A budget caucus of sorts has formed in the House and while the new group isn’t necessarily good news for the inner workings of the legislature, it’s great news for the taxpayers.
Senator Scott Martin (R-Lancaster) has cleverly taken a well-established principle in the retail business and applied it to protestors who corrupt the right to free speech: you break it, you bought
For Rep. Steve Bloom (R-Cumberland), it’s time to turn Harrisburg’s troubles over to a higher authority.
It’s more than just the weather driving people South and West. North Carolina has enjoyed budget surpluses for five straight years.
Late last week, a federal judge in Illinois dismissed a lawsuit filed against a one-year-old state law that subsidizes nuclear power through higher bills on residential and business customers.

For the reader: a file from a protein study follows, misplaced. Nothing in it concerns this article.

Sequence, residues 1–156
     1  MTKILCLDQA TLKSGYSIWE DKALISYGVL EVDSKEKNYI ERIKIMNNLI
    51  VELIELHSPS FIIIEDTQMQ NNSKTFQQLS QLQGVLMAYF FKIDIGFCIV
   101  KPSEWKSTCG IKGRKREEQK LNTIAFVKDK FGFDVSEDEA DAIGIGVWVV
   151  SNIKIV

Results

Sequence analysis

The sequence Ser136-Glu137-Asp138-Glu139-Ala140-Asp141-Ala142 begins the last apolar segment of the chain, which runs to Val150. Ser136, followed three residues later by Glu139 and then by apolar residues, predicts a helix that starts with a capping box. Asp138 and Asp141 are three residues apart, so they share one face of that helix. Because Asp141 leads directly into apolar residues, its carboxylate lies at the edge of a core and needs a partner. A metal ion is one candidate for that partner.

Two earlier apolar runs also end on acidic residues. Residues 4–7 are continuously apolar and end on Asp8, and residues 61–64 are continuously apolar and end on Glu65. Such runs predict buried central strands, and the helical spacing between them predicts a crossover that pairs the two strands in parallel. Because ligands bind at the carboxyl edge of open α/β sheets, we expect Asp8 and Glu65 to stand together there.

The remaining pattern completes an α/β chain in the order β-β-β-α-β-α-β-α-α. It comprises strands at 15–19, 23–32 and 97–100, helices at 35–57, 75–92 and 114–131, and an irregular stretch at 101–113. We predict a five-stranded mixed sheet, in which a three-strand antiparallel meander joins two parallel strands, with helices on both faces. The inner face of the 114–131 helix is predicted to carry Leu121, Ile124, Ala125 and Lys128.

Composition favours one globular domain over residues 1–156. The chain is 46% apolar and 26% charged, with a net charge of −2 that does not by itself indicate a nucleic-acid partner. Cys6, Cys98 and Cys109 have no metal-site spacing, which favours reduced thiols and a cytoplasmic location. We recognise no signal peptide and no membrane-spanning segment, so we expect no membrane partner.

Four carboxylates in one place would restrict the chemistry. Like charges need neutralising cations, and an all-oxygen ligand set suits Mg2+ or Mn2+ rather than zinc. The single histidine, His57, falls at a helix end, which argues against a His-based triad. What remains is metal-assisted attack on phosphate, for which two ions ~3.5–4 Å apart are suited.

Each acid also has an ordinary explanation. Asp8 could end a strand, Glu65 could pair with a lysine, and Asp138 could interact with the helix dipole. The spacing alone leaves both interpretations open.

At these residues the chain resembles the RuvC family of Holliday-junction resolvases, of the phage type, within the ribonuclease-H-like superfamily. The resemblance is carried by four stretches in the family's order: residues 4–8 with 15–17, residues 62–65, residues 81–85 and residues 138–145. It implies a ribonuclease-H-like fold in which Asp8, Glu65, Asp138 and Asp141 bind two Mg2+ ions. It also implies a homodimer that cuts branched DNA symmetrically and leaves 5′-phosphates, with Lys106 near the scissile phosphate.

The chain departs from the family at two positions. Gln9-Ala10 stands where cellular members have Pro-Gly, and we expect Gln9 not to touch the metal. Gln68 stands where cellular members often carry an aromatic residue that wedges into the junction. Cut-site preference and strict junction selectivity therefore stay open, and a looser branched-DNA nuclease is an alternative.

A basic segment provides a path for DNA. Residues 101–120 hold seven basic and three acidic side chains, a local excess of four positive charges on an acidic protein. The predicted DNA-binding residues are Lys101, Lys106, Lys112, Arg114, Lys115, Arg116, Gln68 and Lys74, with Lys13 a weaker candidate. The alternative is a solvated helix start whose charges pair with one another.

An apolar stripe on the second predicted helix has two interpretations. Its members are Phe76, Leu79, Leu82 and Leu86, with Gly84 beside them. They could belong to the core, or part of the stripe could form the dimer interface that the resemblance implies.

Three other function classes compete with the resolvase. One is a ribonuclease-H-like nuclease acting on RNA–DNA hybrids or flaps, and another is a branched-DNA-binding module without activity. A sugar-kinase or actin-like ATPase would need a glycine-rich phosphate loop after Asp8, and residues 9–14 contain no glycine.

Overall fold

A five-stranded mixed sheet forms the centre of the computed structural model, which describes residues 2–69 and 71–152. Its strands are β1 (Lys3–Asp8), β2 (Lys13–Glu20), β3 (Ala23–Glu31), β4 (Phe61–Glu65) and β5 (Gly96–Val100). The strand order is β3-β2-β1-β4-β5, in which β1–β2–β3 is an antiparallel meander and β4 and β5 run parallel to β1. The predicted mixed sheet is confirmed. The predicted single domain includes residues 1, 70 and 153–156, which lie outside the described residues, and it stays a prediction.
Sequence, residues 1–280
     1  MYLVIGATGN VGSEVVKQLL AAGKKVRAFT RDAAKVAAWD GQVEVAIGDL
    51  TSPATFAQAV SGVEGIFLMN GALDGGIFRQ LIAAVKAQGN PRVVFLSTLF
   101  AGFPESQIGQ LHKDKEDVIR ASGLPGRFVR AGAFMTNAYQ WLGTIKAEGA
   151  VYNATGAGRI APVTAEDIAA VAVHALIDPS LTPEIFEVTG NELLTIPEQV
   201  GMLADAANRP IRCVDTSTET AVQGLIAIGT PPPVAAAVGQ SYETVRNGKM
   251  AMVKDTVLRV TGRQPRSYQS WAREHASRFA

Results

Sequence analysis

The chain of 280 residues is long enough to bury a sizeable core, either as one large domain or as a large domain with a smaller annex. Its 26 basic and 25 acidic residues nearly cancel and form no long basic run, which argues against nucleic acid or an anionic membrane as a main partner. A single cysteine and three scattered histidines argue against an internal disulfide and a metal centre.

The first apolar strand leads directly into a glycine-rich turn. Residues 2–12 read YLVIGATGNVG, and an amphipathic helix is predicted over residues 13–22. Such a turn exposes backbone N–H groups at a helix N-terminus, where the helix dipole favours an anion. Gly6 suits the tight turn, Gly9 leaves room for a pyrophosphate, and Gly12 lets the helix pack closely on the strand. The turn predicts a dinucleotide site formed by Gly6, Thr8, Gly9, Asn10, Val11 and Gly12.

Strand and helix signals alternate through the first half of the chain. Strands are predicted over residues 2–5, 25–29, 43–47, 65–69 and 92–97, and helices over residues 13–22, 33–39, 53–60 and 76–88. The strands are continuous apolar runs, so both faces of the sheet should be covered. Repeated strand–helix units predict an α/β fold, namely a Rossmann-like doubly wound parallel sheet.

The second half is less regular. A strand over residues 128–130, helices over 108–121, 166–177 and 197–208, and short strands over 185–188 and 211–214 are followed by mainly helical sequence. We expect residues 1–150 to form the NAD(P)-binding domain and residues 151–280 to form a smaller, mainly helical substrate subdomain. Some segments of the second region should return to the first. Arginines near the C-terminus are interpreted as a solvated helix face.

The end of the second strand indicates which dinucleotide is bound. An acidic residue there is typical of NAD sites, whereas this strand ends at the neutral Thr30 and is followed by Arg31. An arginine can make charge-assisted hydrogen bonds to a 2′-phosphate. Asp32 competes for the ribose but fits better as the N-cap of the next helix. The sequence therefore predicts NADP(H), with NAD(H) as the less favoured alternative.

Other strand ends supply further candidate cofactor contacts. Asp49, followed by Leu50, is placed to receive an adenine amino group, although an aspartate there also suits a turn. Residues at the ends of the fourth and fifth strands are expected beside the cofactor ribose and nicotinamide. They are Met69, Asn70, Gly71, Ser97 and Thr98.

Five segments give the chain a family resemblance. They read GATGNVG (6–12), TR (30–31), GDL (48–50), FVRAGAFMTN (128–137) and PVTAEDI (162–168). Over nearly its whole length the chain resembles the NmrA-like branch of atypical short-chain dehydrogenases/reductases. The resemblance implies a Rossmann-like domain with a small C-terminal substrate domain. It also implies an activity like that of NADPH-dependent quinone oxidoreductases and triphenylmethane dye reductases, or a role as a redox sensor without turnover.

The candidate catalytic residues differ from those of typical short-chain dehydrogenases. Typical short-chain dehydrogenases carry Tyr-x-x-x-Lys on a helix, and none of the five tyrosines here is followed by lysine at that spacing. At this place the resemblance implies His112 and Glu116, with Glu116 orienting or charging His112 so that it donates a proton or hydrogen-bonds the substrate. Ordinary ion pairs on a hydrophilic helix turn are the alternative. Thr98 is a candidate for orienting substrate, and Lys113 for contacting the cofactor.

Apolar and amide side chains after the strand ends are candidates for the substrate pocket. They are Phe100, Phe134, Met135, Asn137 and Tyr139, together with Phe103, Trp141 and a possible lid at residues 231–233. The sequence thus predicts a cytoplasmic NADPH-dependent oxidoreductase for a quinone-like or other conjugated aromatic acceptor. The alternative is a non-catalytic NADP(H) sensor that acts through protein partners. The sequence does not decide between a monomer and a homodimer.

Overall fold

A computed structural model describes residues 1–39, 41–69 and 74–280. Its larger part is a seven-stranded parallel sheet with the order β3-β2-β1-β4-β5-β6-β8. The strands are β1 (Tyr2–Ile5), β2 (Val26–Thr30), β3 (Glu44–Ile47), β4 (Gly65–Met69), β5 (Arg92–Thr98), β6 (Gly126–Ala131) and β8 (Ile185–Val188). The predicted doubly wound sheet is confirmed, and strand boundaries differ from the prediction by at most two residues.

The General Assembly returns to Harrisburg this week in search of more than $2 billion to fully fund, as required by law, the $32 billion spending plan that was sent to the governor last Friday.
In what’s becoming a June tradition, the General Assembly is scrambling to patch together a balanced spending plan up against the cold reality of dismal year-end revenue collections.
What a difference a year makes. A recent survey by the National Association of Manufacturers shows that 93 percent of American manufacturers feel positive about their economic outlook.
What’s going on with the Tresco Paving Company, an open shop contractor in Westmoreland County, is sadly emblematic of a culture in Pennsylvania that has us languishing near the bottom in an annual
- The Bulletin -- August 30, 2012
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- The Bulletin -- March 30, 2012